Sport Walk’s Roger Burlinson looks at a sports injury that can hamper walking performance.
While runners face a live risk of picking up an injury when training or racing, walkers are rarely under threat, except perhaps from that classic demon of a twisted ankle. But when you walk for sport, possibly cross training with running for fitness, the potential increases and there are a couple of hard to shift sports injuries that can at least affect performance and at worst have you laying off training or walking for long periods.
It’s unlikely that you’ll pick up a serious sports injury while sport walking, unless you push well beyond your limits or take on a long distance challenge that’s much further than you’re used to (where pure wear and tear over a very long sustained period of paced walking can trigger something). You could carry across a training niggle from running though and then discover you’ve got a problem while walking.
One common running injury that can present itself in walking is Iliotibial Band Syndrome, which causes pain down the outside of the knee. ITBS is a condition that can often come on when key leg muscles are tired and not providing good support, so the band rubs against the knee bone and becomes inflamed. It can also come on during long or arduous walks when the legs become seriously fatigued.
I’ve suffered with ITBS a few times, when I started running regularly in the past and it came back to haunt me after 60k on my New Forest Sport Walk, so I can testify to its ability to migrate across sports. For me, it was a running injury in the past but given the right conditions, most notably my legs not being fully up to strength for the task in hand, it came back and bit me hard. Whenever I hit a climb, when the stress on my legs was at its peak, it flared up resulting in frequent stops while walking uphill and walking poles didn’t make much difference.
ITBS is a persistent condition and the only real solution is to build up leg strength over time to support muscular endurance. Just focus on walking or running without strength training as a part of your program and you could find yourself with an ITB issue, given the right conditions.
Build a solid foundation with strength or weight training for the legs and you may not prevent ITB completely but your leg muscles will hold up for longer, meaning the ITB is far less susceptible to rubbing and inflammation.
It’s an injury that can be hard to shift, rather like an achilles injury, so prevention is better than cure. If you start to feel pain on the outside of the knee or the side of the leg around the knee, back off and save it for another day. Then, apply ice and also use a foam roller if you can after the walk. There’s lots of info and advice (mostly for runners) online, so do some research and treat this condition with respect.
On a practical level, a minor ITB flare up won’t stop you from doing strength exercises, such as single leg squats but it will return quickly if you go for another fast walk or run. So the best approach if you get a dose of this annoying injury, is to resist doing the thing that aggravates it and concentrate on strength work because strong leg muscles are your best defence against it coming back.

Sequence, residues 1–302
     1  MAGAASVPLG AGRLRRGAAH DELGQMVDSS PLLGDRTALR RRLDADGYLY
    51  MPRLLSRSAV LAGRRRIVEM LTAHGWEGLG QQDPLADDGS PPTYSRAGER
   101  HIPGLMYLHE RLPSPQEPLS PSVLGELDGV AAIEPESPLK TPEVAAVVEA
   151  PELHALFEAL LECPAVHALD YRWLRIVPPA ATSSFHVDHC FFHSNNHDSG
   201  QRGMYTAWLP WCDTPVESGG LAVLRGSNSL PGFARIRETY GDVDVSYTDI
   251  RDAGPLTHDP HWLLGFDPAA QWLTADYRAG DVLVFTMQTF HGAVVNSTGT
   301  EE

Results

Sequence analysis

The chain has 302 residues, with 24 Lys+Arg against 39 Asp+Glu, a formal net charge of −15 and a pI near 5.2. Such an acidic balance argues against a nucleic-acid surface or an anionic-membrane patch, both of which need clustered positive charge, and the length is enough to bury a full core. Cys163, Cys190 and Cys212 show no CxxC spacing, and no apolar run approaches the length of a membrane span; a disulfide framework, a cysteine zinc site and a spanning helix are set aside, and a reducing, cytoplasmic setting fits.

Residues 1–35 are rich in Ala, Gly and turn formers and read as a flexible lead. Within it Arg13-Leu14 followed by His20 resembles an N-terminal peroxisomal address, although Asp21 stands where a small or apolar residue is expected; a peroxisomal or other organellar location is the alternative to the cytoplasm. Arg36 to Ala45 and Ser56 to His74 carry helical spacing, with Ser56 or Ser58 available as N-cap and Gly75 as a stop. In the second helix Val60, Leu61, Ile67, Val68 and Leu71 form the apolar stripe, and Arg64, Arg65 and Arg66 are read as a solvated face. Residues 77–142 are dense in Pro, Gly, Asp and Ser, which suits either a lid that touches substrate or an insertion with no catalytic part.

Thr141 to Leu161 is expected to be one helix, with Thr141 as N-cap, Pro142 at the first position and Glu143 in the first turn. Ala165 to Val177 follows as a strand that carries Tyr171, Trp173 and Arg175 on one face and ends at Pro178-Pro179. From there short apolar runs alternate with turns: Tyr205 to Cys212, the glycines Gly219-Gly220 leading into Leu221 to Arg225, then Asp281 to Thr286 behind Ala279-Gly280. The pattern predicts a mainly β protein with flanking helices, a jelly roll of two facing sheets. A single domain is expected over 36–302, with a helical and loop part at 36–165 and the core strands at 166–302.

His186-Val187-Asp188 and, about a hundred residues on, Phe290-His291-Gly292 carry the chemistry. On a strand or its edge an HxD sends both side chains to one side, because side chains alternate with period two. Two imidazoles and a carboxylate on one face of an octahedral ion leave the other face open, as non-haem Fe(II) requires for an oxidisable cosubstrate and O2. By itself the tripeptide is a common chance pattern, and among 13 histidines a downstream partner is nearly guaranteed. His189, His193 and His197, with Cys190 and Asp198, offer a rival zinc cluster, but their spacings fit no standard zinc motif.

But it’s not just about having weakness in leg muscles, there’s another hazard to be aware of. ITBS can also be triggered by sustained walking or running on a cambered surface or from shoes that are seriously worn, tilting your foot inwards and stressing the knee area, which in turn starts the ITB rubbing and becoming inflamed.
You might not realise it at first but walking on, say, the left side of a cambered track for some time, could bring on an ITB irritation in your right leg, as your right foot is tilted inwards by the camber stressing your knee. The same could occur on flat ground if your shoes are worn.
Walking on rough ground isn’t an issue in itself, because the terrain beneath you is always changing but find yourself on a surface with a constant camber and you could trigger ITBS, regardless of whether you’ve had problems with it in the past.
A good approach then, apart from making sure your trainers or walking shoes are in good shape, is always to have a very cautious approach to surface cambers and to become a habitual anticamberist! Either walk on the crest in the middle of the track or switch from side to side regularly, so that one leg or another is never stressed for too long.
It might sound sad but I’m like a child avoiding the gaps between the slabs in the pavement when it comes to cambers. It was a camber that gave me my first ever dose of ITBS and I’ve avoided them ever since.
So, by avoiding cambers and building up your leg strength you should, hopefully, be able to stay ITBS free and, take it from me, that’s really something to cherish.